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Tending your little piece of earth

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SwampDonkey:
Ok, here's a couple of pictures of trees I planted in mod- heavy slash piles 3 summers ago (2002). I had this area that wasn't growing anything accept some scattered cedar, fir and balm. It was alot of work getting into the groove and finding a spot for each tree. It's something you could only do on your own land unless someone is paying you by the hour. I was quite pleased with the results and the slash helps deter the weeds. Nothing is impossible I guess, just need determination. ;D


Moderate



Heavy


Did some plantation cleaning this spring (May) with a spacing saw. I cleaned about 10 acres of the plantation and 2.5 acres of natural mixed growth along the edge of the plantation. I have more ground coming online for thinning each year. It's not that bad going and I prefer the coolness of the spring air. When it gets hot out, I'm not as keen to lug around a spacing saw. Try it for a week yourself and find out why.  ;)




Notice I also have a nice nurse crop of aspen that will be harvested before the spruce. There are also hardwood in the plantation that are on a longer rotation than the spruce. In some other areas I have alot of balsam fir that will be thinned out when the aspen is taken. This section was scarified in '95 and planted in '96. My plantations were planted at various stages after that.




This is an area of the plantation taken over by fir. I will be favoring the fir because of size and it's faster growth rate. I'll have to soon thin this before it gets too tall, it's handy to 10 feet tall now. Hoping for my first commercial harvest in 30 years. ;)

Anyone is welcome to post the work they have done with their own hands to improve their land. Even road building is an improvement. Good roads are essential for ongoing tending, nurturing and admiring of your ground. ;)

Part_Timer:
that is neat.  Could you tell me what a spacing saw is??

     We have a small tobacco farm in virginia.  We have 9 years and then we are going to move down there.  Just going to slow life down a bit.  This summer one of the neighbors helped us doze a road up to the barn.  We went down and planted about 3 5gal. buckets of red oak,burroak, walnut and osage nuts and seeds.  I won't have any pictures of what comes up till spring but it should be interesting.
    We just purchased a 4 wheeler and a bush hog this week for Christmas so we can mow it down and keep the weekds under control.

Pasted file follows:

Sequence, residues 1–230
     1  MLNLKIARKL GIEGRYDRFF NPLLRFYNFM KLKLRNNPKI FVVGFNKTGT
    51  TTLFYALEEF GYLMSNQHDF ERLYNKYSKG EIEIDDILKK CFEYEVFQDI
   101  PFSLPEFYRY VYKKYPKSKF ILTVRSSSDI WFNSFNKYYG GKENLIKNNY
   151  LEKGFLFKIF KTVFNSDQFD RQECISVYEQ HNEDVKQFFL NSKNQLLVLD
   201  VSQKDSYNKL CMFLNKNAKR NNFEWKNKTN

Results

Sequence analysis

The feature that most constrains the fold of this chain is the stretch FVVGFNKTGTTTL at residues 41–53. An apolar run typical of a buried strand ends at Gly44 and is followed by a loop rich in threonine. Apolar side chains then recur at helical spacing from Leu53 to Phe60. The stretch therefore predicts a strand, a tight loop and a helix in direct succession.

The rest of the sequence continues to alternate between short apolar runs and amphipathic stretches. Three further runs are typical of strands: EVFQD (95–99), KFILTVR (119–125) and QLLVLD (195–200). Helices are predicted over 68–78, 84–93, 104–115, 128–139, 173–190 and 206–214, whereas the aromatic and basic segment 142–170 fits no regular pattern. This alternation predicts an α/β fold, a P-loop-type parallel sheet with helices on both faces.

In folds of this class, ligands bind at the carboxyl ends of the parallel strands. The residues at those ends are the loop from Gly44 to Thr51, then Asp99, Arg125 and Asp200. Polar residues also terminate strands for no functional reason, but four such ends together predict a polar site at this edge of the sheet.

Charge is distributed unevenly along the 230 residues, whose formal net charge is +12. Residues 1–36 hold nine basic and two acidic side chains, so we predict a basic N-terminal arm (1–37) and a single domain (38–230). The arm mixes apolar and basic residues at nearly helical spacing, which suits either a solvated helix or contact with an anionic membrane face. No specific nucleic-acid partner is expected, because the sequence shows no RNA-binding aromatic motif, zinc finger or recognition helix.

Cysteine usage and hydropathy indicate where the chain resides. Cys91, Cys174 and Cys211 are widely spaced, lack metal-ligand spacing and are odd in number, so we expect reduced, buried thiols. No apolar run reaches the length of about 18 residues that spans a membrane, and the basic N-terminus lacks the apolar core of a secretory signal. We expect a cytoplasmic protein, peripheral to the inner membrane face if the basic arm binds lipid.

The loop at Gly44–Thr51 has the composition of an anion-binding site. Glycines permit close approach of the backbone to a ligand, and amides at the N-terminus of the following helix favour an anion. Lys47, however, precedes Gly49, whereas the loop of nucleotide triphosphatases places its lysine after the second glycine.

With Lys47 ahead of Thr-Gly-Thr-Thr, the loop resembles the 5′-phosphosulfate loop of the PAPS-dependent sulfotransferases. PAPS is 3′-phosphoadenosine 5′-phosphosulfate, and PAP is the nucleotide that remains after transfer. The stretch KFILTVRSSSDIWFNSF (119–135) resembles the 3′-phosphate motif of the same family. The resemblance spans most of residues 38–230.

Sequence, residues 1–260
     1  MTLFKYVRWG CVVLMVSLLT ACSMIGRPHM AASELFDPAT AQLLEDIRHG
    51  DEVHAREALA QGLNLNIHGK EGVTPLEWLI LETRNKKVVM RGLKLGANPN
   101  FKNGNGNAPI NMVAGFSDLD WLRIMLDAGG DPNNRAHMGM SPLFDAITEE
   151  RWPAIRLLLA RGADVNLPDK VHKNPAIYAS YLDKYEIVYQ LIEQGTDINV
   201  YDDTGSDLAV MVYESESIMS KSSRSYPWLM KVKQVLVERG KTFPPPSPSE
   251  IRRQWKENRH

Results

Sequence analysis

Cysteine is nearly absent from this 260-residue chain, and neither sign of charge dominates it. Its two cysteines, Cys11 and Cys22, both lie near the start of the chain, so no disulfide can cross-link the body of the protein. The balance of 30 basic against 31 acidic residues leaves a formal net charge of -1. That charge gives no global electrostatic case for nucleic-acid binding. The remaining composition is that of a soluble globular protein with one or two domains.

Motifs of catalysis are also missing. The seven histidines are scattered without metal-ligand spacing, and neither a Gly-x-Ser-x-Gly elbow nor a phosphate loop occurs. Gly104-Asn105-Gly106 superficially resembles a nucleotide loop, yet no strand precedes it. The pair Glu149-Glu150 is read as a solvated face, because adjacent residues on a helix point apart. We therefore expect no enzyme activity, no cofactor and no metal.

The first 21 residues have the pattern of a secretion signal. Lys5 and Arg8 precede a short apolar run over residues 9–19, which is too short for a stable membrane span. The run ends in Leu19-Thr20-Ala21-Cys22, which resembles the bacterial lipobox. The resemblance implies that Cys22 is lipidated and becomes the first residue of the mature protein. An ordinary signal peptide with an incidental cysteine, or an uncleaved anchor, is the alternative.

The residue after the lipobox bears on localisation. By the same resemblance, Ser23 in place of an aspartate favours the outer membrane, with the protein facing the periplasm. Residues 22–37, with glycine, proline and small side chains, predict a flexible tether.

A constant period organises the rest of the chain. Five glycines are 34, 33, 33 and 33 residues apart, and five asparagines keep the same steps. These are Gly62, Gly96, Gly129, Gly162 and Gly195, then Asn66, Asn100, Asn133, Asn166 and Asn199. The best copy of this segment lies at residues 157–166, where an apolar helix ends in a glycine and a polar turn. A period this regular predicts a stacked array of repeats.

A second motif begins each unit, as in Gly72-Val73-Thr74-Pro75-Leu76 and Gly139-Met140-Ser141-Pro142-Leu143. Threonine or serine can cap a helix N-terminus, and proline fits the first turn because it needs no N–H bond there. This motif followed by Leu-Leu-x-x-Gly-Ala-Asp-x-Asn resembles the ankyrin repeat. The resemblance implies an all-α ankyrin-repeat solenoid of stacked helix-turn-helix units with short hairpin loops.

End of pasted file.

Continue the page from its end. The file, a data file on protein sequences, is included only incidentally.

This summer we met with a state forester and walked the whole place looking at trees and openings and what we should keep and what should go.  We spent most all day up there and had a ball.  Most of the place is at about a 50 deg slope in the up direction.  I was flat worn out at the end of the day. 

The forester showed us what to mow back and what to let go hence the 4 wheeler.  he even sent us some paperwork on getting in a planting program for some pines also a reason for the 4 wheeler as we need it to keep the weeds back from the pines if we get in.  I think that I'll just move some of the small white pines around instead of thinning them out.  If we get in the program we're going to plant long leaf since we already have pleanty of whites.    He thought that planting the burr oak would be a neat idea since they don't have any to speak of should freak out the loggers in 40 or 50 years to find a stand of them. :D  :D

Well those are the plans for the coming year.  I'll look and see if I can find some good pictures of the place.

good luck with your plantings

Tom

jon12345:
'My little piece' is actually my mom's right now, but some day its gonna be mine   :)

Is a little under 6 acres though so I'll have to obtain another 'little piece' somwheres else to play with too.  Basically this lot used to be a field, there is a hedgerow through the middle of it consisting of ash, hard and soft maple and apple trees.  Most of the old field grew in with ash and sugar maple, with a lot of maple and cherry growing under the ash.  I've transplanted some of the maple to a non-wooded part, that will become the edge of what I hope will some day be a small sugarbush.  Im not sure if I should clear the ash out now or wait til it gets bigger, because right now it is pretty small, you wouldnt even have to split it to use it as firewood.  Regeneration under this part is almost too thick to walk through, so until I decide what to do I'll just keep transplanting maples out into the open.  Since it is such a small area,  I plan on doing a full inventory as soon as time allows.  If worse comes to worse I can at least have a few bonfires  8)

SwampDonkey:

--- Quote from: Part_Timer on December 14, 2005, 06:14:38 PM ---Could you tell me what a spacing saw is??

--- End quote ---
Spacing saw Stihl FS550






Its engine displacement is 52cc and comes in at 22 lbs. It requires a full-torso harness to support it and hearing protection to run it, having a 103-dBA rating at full throttle.

beenthere:
"Clearing" saw is what Stihl calls it, but the 'spacing' tag might be the end result of 'spacing' trees. Never know what these foresters are going to dream up next.  :) :)

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